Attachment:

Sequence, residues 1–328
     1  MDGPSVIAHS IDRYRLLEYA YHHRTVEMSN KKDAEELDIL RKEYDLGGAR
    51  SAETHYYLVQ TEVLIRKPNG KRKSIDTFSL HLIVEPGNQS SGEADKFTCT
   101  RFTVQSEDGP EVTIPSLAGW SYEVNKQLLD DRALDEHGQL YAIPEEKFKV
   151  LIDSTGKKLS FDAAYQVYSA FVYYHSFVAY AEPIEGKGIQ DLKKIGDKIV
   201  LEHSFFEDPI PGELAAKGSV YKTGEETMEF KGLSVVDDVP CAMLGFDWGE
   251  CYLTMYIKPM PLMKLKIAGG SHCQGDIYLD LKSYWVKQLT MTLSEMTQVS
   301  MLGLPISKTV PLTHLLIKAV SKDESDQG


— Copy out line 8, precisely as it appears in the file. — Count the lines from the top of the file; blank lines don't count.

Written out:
   301  MLGLPISKTV PLTHLLIKAV SKDESDQG